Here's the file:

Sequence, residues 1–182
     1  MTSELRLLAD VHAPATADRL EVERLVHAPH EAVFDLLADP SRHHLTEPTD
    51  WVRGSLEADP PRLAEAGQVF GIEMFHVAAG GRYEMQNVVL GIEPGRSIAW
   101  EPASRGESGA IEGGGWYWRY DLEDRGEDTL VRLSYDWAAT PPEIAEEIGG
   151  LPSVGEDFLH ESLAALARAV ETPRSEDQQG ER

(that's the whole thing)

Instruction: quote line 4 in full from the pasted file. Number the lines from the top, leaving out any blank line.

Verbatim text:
   101  EPASRGESGA IEGGGWYWRY DLEDRGEDTL VRLSYDWAAT PPEIAEEIGG